The study by the respected Dante Alighieri Society [website in Italian] shows that many feel it has gone too far. In fact, the authors call on Italians to reject what they dub “Anglitalianco”. How successful they will be remains to be seen, when even those stalwart defenders of their language, the French, have come to accept borrow words such as “le shopping”.

But the question that occurs to me is: how far should we “defend” a language? Language is a living thing, it grows and borrows quite naturally. English itself is littered with words borrowed from other languages and continues to adopt them. So is insisting on “fine settimana” instead of weekend resisting linguistic imperialism or being a stick in the mud? I don’t know the answer, but as so often with language, it’s a fascinating debate.

Strategy for surviving recession?

It seems like every day there are new headlines of doom, gloom and forthcoming recession. Whilst the American recession has perhaps had less of an impact on the global economy than it would have done in the past, the overwhelming evidence of global recession casts a grey cloud over small businesses.

Earlier this month, an OECD report suggested that Britain’s economy would fare worst amongst those of the G7 in the last two quarters of 2008. This gloomy message was reinforced yesterday when the European Commission also predicted that the UK would fall into recession in the second half of this year.

The web is flooded with “recession help” sites. It would seem that everyone wants to put in his or her piece on how to avoid economic doom, and I’m afraid I’m no exception! But here I want to consider one way of keeping company finances healthy that is often overlooked: translation into one or more foreign languages.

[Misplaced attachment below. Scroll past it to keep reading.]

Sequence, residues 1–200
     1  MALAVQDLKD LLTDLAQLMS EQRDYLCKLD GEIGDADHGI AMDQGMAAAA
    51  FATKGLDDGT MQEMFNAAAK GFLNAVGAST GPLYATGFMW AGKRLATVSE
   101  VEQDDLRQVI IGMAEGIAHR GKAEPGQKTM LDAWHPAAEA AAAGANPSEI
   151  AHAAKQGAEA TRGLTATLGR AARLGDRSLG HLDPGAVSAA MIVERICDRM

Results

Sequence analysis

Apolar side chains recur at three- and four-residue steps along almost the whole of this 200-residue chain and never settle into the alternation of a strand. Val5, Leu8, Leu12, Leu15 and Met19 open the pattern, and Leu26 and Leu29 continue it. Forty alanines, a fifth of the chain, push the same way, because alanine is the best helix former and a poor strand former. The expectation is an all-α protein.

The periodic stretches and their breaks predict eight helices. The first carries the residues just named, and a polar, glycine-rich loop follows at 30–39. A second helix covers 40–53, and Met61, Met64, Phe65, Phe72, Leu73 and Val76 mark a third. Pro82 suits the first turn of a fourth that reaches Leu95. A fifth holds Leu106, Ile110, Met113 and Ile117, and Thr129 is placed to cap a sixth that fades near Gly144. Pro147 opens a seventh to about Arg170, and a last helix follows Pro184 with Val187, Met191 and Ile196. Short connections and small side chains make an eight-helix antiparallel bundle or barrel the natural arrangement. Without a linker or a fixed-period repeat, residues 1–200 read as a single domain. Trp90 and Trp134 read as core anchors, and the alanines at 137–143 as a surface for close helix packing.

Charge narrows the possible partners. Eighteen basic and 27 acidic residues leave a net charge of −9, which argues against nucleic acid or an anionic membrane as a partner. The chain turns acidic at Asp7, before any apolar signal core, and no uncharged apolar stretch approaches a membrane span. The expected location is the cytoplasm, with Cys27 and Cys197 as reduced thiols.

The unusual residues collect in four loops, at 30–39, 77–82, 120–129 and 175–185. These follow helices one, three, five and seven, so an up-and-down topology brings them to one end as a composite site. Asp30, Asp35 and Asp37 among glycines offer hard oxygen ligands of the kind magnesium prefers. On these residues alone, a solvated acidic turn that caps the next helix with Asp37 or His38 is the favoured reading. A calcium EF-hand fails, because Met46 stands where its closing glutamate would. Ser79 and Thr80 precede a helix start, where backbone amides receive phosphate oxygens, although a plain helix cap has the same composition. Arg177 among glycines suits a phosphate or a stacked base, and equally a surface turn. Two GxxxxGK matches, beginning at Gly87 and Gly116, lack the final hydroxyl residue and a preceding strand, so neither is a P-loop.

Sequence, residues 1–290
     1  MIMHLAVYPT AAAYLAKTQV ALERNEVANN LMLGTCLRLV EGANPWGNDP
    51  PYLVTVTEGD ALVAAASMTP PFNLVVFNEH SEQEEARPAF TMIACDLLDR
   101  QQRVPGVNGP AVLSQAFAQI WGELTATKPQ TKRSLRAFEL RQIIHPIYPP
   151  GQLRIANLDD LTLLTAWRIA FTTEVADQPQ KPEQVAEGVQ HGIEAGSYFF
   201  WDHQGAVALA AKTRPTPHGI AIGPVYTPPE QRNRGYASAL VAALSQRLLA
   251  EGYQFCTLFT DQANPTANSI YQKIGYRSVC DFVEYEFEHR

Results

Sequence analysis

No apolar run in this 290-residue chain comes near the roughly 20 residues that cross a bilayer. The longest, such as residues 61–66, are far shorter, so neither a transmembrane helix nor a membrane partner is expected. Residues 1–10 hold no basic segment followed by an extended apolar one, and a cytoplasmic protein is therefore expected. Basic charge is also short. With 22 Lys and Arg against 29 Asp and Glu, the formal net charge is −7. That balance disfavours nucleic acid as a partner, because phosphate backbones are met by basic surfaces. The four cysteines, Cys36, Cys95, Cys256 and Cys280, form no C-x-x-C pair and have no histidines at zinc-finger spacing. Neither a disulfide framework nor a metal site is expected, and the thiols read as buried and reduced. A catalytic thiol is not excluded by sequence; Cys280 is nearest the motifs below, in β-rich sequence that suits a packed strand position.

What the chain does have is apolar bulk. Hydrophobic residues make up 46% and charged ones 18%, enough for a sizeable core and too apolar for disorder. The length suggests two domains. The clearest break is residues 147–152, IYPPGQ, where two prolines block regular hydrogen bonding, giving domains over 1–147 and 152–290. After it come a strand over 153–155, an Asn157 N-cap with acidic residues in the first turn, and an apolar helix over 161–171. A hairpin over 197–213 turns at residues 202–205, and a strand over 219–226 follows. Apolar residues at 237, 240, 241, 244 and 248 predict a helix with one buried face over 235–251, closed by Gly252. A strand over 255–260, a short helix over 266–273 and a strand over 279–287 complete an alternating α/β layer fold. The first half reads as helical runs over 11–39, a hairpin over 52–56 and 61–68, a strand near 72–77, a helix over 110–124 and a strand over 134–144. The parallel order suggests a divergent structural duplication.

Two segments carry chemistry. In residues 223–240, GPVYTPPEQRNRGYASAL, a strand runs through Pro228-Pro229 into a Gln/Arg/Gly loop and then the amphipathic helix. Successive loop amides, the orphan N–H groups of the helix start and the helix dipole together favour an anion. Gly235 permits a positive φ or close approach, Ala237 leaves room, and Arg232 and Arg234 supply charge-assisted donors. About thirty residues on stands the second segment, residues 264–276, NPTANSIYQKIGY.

Although the downturn is global it’s by no means uniform – for a small outlay you can tap into an international market, effectively “recession proofing” your company. Even near-by in Europe, you can find more reasons for optimism. France and Italy, for example, look set to be spared recession, while Poland is considered to have one of the fastest growing economies at present, with an annual growth rate of 6.0%.

On top of that, the weak pound may have been painful during our summer holidays – but it makes UK goods and services attractive to global consumers.

It seems almost paradoxical to expand in order to avoid recession, but business strategist Richard Denny disagrees: “When the going gets tough, business owners should step up their sales and marketing activity rather than cut back”. And what better way to do this than to break into a market less burdened with downturn?